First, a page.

The fact that 59-year-old Khashoggi was a legal US resident and a columnist for the Washington Post has no doubt given his case such prominent coverage in Western news media. Thousands of other victims of Saudi vengeance are routinely ignored in the West.

Nevertheless, despite the horrific and damning case against the Saudi monarchy, the response from the Trump administration, Britain and others has been abject.

President Trump has blustered that there “will be severe consequences” for the Saudi regime if it is proven culpable in the murder of Khashoggi. Trump quickly qualified, however, saying that billion-dollar arms deals with the oil-rich kingdom will not be cancelled. Now Trump appears to be joining in a cover-up by spinning the story that the Khashoggi killing was done by “rogue killers”.

Britain, France and Germany this week issued a joint statement calling for “a credible investigation” into the disappearance. But other than “tough-sounding” rhetoric, none of the European states have indicated any specific sanctions, such as weapons contracts being revoked or diplomatic expulsions.

Canadian Prime Minister Justin Trudeau said he was “concerned” by the gruesome claims about Khashoggi’s killing, but he reiterated that Ottawa would not be scrapping a $15 billion sale of combat vehicles to Riyadh.

The Saudi rulers have even threatened retaliatory measures if sanctions are imposed by Western governments.

Saudi denials of official culpability seem to be a brazen flouting of all reason and circumstantial evidence that Khashoggi was indeed murdered in the consulate building on senior Saudi orders.

This week a glitzy international investor conference in Saudi Arabia is being boycotted by top business figures, including the World Bank chief, Jim Yong Kim, JP Morgan CEO Jamie Dimon and Britain’s venture capitalist Richard Branson. Global firms like Ford and Uber have pulled out, as have various media sponsors, such as CNN, the New York Times and Financial Times. Withdrawal from the event was in response to the Khashoggi affair.

A growing bipartisan chorus of US Senators, including Bob Corker, Marco Rubio, Lindsey Graham and Chris Murphy, have called for the cancellation of American arms sales to Saudi Arabia, as well as for an overhaul of the strategic partnership between the two countries.

Still, Trump has rebuffed calls for punitive response. He has said that American jobs and profits depend on the Saudi weapons market. Some 20 per cent of all US arms sales are estimated to go to the House of Saud.

The New York Times this week headlined: “In Trump’s Saudi Bargain, the Bottom Line Proudly Stands Out”.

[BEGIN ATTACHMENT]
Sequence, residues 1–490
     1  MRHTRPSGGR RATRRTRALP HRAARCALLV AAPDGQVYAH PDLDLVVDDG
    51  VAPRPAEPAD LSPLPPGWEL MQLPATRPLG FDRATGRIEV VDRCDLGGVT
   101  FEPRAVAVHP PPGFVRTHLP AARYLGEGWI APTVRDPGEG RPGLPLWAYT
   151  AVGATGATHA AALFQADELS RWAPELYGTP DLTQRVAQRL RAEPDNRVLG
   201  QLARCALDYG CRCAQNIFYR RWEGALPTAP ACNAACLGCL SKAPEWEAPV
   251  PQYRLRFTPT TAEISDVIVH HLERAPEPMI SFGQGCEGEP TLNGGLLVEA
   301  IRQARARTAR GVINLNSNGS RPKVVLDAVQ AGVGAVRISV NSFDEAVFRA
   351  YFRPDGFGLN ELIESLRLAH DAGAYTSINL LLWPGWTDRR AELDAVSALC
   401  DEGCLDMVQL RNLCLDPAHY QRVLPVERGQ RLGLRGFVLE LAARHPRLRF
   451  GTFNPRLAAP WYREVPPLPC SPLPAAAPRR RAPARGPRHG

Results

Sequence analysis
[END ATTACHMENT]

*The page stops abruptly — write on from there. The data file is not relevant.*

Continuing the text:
The Trump White House will be represented at the investment conference in Saudi Arabia this week – dubbed “Davos in the Desert” by Treasury Secretary Steven Mnuchin. He said he was attending in spite of the grave allegations against the Saudi rulers.

Surely the point here is the unseemly indulgence by Western governments of Saudi Arabia and its so-called “reforming” Crown Prince. It is remarkable how much credulity Washington, London, Paris, Ottawa and others are affording the Saudi despots who, most likely, have been caught redhanded in a barbarous murder.

Yet, when it comes to Russia and outlandish, unproven claims that the Kremlin carried out a bizarre poison-assassination plot, all these same Western governments abandon all reason and decorum to pile sanctions on Russia based on lurid, hollow speculation. The blatant hypocrisy demolishes any pretense of integrity or principle.

Here is another connection between the Skripal and Khashoggi affairs. The Saudis no doubt took note of the way Britain’s rulers have shown absolute disregard and contempt for international law in their de facto abduction of Sergei and Yulia Skripal. If the British can get away with that gross violation, then the Saudis probably thought that nobody would care too much if they disappeared Jamal Khashoggi.

Grotesquely, the way things are shaping up in terms of hypocritical lack of action by the Americans, British and others towards the Saudi despots, the latter might just get away with murder. Not so Russia. The Russians are not allowed to get away with even an absurd fantasy.

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US-China trade war heats up as surplus hits record $34 Billion (Video)

The Duran – News in Review – Episode 136.

Alex Christoforou

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According to a report by the AFP, China’s trade surplus with the United States ballooned to a record $34.1 billion in September, despite a raft of US tariffs, official data showed Friday, adding fuel to the fire of a worsening trade war.

Relations between the world’s two largest economies have soured sharply this year, with US President Donald Trump vowing on Thursday to inflict economic pain on China if it does not blink.
The two countries imposed new tariffs on a massive amount of each other’s goods mid-September, with the US targeting $200 billion in Chinese imports and Beijing firing back at $60 billion worth of US goods.

“China-US trade friction has caused trouble and pounded our foreign trade development,” customs spokesman Li Kuiwen told reporters Friday.

But China’s trade surplus with the US grew 10 percent in September from a record $31 billion in August, according to China’s customs administration. It was a 22 percent jump from the same month last year.

China’s exports to the US rose to $46.7 billion while imports slumped to $12.6 billion.